The train ride to Anglesey is really lovely with plenty to see. During a long stretch of time, the sea could be seen from the windows of the train. The train stops at unpronounceable places along the way such as Penmaenmawr and Llanfairfechan, which I hope I will have time to visit in the future. My final stop was the port town of Holyhead where I stayed for a couple of days. Well, I essentially got stuck there - but more about that later.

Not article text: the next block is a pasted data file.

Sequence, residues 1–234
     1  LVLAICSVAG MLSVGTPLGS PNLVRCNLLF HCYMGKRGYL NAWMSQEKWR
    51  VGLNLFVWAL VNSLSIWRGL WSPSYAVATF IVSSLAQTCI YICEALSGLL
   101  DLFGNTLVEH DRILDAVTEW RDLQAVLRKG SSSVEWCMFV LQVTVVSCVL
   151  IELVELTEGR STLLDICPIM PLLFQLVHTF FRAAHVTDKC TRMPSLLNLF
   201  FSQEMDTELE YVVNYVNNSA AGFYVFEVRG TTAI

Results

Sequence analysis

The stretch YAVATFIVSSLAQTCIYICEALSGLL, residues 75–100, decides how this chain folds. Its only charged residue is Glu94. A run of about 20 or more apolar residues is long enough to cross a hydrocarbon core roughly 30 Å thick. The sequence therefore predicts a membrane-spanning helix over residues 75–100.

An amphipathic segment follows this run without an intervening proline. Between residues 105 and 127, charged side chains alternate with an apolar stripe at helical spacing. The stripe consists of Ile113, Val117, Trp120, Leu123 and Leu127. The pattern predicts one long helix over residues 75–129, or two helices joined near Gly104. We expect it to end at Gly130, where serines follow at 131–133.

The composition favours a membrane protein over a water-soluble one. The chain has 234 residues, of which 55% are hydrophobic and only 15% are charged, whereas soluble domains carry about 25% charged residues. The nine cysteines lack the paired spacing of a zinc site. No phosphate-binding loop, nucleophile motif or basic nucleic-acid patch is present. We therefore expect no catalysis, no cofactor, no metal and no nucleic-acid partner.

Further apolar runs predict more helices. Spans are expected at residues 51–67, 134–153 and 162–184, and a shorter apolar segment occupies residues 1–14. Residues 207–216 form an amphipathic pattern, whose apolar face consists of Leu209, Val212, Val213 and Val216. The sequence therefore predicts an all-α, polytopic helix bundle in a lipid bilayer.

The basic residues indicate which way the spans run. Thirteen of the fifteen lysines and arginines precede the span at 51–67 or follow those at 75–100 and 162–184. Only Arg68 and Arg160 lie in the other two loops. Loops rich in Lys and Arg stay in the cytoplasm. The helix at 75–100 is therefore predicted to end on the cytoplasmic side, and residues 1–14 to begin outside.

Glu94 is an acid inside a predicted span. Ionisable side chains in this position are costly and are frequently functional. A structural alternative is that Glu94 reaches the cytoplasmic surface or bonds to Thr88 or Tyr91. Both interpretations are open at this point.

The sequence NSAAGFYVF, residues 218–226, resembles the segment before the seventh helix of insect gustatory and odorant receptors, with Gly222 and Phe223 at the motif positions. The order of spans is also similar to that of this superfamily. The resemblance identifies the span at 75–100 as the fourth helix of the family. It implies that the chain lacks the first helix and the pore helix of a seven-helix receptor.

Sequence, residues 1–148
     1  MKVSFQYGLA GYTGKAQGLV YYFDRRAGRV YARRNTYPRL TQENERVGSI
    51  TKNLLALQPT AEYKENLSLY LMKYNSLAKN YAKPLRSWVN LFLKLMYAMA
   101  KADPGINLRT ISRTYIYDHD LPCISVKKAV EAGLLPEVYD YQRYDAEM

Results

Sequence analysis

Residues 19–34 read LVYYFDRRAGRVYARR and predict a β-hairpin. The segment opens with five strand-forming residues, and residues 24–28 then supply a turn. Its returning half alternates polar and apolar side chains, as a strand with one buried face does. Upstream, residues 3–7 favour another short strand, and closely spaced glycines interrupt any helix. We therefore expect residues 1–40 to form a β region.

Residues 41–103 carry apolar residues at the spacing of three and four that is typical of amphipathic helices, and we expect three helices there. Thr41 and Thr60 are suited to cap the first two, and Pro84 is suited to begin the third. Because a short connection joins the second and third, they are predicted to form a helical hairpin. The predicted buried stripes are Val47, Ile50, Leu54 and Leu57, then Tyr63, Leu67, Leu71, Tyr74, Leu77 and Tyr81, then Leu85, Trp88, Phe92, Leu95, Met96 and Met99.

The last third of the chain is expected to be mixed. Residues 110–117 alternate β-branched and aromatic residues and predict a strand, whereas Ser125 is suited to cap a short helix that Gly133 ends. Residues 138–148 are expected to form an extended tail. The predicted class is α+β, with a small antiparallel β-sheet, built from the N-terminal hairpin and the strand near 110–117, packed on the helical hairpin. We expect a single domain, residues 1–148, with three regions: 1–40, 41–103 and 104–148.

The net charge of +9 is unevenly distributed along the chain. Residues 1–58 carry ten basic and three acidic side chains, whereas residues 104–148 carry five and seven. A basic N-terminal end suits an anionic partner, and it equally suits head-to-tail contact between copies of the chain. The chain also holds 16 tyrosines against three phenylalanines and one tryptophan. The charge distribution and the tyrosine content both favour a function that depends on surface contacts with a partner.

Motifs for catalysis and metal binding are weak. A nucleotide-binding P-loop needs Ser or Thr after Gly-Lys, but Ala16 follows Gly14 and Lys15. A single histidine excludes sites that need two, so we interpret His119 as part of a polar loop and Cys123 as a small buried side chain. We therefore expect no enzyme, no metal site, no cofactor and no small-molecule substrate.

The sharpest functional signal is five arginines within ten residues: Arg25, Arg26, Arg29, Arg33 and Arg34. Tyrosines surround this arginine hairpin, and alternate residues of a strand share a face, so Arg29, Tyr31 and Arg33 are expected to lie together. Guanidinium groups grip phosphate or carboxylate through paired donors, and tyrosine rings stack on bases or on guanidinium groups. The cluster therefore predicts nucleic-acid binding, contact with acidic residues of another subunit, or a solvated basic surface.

Holyhead is a town characterised by its big ferries and industrial-looking port area which marks the beginning of a journey which will take you to Ireland. It seems to largely be a town where people pass through but do not stop, and especially during one of the rainiest weeks in the UK during the last hundred years, which meant I was one of the few tourists brave (read: stupid) to go there at the end of January. However, it meant quite cheap accommodation at a guest house that was nestled in among the many grey buildings that crouched along the tiny streets of this town. I still would count this accommodation, named Crossroads Guest House, as among the best I have stayed in - and very affordable. I paid 90 pound for 3 nights for a room situated at the ground floor of the house with a separate door which gave it a sense of privacy. The daughter of the owner, who was in charge there during my stay, was always ready to help but not intrusive. On the top of that, they had stocked the room with so much cereals that it would last me a month. I do prefer staying in hostels most of the time, but if you want a quiet retreat for a couple of days, this is incredibly cheap considering you get both TV, breakfast and en-suite.